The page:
A United Nations inspector has arrived in the UK to investigate whether David Cameron’s Coalition government has reneged on international agreements giving everybody the right to adequate housing and shelter.
Special rapporteur Raquel Rolnik has been asked to assess whether bedroom tax-related eviction threats that are driving tenants to suicide mean the UK is refusing that right to its citizens – and you can help her with this by emailing your story to her on [email protected]
Come to that, there’s no reason for victims of the ESA assessment regime, for whom loss of the benefit involves a threat of eviction, not to provide their story as well. Is that you? [email protected]
Article 25 of the Universal Declaration of Human Rights recognises the right to housing as part of the right to an adequate standard of living: “Everyone has the right to a standard of living adequate for the health and well-being of himself and of his family, including food, clothing, housing and medical care and necessary social services, and the right to security in the event of unemployment, sickness, disability, widowhood, old age or other lack of livelihood in circumstances beyond his control.”
An article announcing the visit in the Morning Star (it doesn’t seem to have been picked up by the pro-Coalition newspapers) said the visit was likely to infuriate our comedy Prime Minister, David Cameron.
The article states that he described this country, in a speech to the UN last year, as “a country that keeps its promises to the poorest”.
It seems possible he will argue that under-occupation of social housing – having a ‘spare room’ as defined by his law – means people are getting more than they deserve.
But the government’s clear failure to provide enough social housing of a size and standard appropriate for the 660,000 affected households in the UK – some of the poorest in the country – is likely to weigh against him.
And then there is the fact that the policy has driven people to death.
For example: John Walker, of Marsh Green, Bolton, was found hanged at his home by former partner Susan Martin in May. He had been worried about mounting financial problems, worsened by being forced to pay extra rent on his home under the bedroom tax. A suicide note was found in the property.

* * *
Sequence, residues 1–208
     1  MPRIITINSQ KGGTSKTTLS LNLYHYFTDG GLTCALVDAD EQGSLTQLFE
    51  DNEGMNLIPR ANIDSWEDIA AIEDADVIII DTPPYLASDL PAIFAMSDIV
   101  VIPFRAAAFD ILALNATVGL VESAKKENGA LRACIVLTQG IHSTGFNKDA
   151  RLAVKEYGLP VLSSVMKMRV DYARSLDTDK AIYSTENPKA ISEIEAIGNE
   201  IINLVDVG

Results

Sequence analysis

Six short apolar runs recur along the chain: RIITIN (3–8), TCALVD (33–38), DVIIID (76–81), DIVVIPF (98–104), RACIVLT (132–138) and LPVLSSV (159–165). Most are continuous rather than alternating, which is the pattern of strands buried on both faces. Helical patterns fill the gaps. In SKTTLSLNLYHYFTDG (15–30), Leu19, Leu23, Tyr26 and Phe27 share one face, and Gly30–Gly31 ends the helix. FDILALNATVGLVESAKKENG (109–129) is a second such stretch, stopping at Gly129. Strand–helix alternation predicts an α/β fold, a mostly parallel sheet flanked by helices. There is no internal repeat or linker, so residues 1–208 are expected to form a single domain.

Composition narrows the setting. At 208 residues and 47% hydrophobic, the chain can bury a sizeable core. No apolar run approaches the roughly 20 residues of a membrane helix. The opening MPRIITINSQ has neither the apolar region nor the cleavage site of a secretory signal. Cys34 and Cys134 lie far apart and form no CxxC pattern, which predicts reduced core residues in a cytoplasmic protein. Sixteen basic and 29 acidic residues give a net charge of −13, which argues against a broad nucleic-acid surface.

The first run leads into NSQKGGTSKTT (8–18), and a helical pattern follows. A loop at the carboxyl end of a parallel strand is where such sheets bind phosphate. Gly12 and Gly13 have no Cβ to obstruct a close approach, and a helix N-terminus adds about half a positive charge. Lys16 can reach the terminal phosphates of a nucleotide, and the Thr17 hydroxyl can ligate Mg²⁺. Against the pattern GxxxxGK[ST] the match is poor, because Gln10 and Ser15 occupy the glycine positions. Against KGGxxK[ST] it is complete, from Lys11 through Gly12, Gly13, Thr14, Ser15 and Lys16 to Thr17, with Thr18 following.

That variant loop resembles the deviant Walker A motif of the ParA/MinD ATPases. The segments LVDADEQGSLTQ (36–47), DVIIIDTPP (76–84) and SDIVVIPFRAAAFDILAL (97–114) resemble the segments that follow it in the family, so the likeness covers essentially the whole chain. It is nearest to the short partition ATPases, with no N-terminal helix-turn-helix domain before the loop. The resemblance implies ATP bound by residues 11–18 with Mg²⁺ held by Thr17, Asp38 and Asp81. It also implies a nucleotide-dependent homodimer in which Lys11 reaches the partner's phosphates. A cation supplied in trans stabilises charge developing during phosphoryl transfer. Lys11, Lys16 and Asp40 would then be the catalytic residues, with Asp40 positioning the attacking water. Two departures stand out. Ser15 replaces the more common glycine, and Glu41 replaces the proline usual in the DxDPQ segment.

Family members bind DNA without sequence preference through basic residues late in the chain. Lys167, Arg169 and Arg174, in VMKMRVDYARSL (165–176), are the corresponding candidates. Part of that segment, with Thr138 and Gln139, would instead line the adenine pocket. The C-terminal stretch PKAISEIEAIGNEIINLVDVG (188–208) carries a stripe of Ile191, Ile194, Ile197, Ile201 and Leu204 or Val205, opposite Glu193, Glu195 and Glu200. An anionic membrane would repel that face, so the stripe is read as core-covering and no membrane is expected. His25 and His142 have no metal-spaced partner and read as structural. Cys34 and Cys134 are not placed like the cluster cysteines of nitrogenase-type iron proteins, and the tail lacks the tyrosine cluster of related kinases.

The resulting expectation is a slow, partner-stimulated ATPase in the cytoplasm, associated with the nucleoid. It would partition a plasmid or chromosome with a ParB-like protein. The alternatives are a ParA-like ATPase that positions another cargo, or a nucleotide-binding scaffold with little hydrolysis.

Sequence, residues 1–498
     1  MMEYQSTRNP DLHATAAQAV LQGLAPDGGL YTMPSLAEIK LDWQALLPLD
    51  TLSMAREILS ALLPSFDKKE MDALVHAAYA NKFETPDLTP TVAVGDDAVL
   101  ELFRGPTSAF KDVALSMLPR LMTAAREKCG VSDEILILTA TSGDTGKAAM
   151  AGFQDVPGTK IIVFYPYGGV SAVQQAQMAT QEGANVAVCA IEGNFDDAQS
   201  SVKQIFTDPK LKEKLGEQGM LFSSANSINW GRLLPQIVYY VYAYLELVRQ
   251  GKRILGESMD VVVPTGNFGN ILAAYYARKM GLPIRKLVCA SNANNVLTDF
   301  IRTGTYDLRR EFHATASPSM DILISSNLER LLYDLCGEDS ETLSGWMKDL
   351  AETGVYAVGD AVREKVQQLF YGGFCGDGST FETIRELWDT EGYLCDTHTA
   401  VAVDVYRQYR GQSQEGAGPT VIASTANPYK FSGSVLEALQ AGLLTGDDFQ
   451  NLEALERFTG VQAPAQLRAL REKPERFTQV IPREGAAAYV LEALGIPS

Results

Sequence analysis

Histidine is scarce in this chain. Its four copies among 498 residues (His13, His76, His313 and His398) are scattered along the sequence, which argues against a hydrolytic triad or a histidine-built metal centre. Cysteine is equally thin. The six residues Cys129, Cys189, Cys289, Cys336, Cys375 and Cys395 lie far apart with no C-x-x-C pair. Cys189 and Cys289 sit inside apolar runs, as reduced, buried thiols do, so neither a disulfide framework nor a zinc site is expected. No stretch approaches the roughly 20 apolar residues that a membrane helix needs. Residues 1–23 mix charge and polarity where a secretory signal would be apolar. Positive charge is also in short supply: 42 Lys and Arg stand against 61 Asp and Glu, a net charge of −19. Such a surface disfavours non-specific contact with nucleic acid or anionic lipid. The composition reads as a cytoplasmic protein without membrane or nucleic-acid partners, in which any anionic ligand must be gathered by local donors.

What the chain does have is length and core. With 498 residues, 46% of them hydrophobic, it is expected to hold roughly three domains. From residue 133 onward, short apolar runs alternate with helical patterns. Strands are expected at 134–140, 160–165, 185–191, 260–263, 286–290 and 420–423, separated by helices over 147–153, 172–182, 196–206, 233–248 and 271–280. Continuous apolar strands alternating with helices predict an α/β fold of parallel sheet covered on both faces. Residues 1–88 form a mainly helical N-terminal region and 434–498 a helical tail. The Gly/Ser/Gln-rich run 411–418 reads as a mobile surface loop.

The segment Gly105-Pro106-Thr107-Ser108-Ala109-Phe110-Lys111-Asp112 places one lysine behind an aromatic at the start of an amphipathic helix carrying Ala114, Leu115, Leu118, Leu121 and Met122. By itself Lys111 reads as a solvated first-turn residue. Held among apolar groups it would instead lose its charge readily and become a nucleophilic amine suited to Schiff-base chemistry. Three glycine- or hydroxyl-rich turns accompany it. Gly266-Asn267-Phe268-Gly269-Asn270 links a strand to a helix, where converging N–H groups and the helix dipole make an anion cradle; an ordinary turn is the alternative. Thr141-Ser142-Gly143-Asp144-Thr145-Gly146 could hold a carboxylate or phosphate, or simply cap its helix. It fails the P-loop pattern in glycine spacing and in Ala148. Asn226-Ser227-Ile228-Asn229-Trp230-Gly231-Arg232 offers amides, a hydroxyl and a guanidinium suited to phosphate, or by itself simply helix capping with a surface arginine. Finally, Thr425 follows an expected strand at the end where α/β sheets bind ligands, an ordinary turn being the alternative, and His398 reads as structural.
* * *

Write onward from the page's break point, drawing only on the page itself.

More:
And Greater Manchester Against the Bedroom Tax’s Mark Krantz told the Morning Star of an eviction in Oldham where bailiffs discovered the tenant had also hanged himself, and was dead.
These two deaths pale into insignificance, of course, when compared with the monumental death toll caused by the Department for Work and Pensions and its assessment regime for Employment and Support Allowance. The plan, which aims to knock as many sick and disabled people off-benefit as possible – for any reason at all – has led to thousands (possibly tens of thousands) of deaths as claimants’ health conditions have overtaken their bodies’ ability to cope, or the prospect of destitution or being a financial burden on friends and family has forced them into suicide. The DWP is currently refusing to issue figures on the number of deaths that have taken place, among those either claiming or appealing, since the start of 2012 – and it is believed that this can only be because the numbers are far greater than the already-appalling 73-a-week average that was revealed for 2011. No figures are known for the 70 per cent of claimants who have been marked “fit for work” and thrown off the benefit altogether, who have not appealed against the decision. The DWP does not monitor their well-being at all.
Ms Rolnik is expected to meet with government officials, non-government organisations, housing associations and individuals in a tour of England and Scotland.
But to get a full picture of the situation here, she needs to hear from real people who have become victims of the robber-government’s punitive policies. She needs to hear from you: [email protected]